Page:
The latter series’ failure placed the emphasis on cheaper national championships benefiting from increasing TV exposure. And Ford’s spectacular Sierra RS500, all fire and brimstone, drew the crowds and viewers in. Returnee Rouse swept all before him in 1988 – his dices with visiting ETCC frontrunner Soper are still vivid in the memory – and in ’89 he fended off Robb Gravett, whose Australian-built ‘Cossie’ ran on Yokohama rubber superior to Rouse’s Pirellis.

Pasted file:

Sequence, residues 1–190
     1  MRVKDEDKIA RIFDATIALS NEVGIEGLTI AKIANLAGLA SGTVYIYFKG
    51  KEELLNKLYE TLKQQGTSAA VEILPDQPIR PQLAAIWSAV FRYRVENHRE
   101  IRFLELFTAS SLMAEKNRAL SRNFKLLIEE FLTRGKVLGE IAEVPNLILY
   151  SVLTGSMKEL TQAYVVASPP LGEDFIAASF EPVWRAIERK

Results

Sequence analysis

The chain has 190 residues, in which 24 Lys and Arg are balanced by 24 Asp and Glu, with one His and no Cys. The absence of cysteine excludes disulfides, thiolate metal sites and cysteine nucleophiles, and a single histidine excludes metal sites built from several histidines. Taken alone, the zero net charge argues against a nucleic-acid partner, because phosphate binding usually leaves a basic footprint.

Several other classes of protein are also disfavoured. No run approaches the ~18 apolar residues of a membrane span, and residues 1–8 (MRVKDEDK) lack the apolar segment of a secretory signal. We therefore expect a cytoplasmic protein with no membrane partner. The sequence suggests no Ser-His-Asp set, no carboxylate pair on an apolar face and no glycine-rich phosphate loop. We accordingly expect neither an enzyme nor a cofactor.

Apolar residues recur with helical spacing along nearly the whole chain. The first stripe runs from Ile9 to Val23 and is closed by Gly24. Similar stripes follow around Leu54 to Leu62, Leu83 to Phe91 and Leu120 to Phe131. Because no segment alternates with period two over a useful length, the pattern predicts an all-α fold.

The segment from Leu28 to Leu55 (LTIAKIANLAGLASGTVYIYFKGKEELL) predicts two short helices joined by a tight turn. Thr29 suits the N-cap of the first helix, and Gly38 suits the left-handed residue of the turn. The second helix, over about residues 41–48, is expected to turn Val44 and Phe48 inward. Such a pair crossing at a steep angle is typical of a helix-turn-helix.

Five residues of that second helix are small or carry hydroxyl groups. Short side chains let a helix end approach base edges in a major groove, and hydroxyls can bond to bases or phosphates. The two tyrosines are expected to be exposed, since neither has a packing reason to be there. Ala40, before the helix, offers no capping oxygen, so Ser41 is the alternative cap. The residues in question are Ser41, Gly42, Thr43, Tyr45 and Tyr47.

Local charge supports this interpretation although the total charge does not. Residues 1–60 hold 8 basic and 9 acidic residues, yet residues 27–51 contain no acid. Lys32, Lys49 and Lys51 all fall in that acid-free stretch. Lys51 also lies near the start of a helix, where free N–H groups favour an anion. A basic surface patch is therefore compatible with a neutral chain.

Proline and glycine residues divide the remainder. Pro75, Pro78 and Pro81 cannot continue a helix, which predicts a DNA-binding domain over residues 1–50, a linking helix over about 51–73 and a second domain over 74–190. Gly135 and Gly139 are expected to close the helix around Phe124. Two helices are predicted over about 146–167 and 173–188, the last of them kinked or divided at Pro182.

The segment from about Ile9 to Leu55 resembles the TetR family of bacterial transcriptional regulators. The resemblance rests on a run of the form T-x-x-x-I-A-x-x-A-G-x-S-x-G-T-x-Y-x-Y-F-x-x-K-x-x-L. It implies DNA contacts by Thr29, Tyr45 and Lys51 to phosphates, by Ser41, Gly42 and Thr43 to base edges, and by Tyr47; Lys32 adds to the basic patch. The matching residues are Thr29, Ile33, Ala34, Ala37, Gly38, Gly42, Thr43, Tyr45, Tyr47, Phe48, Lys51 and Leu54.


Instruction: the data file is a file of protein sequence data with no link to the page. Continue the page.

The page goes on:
Neither man, however, took the respective titles, which went to Sytner, still in an M3, and John Cleland’s Vauxhall Astra GTE respectively. With each class being dominated by a single model, change was brewing.
Once again Britain went its own way – and 1990 would be a stopgap: Group A was to run alongside a new formula, with a view to the latter taking over entirely in ’91. It would be wrench to lose the Sierras – but even Rouse could see that this was for the common good: it was he who proposed the new 2-litres.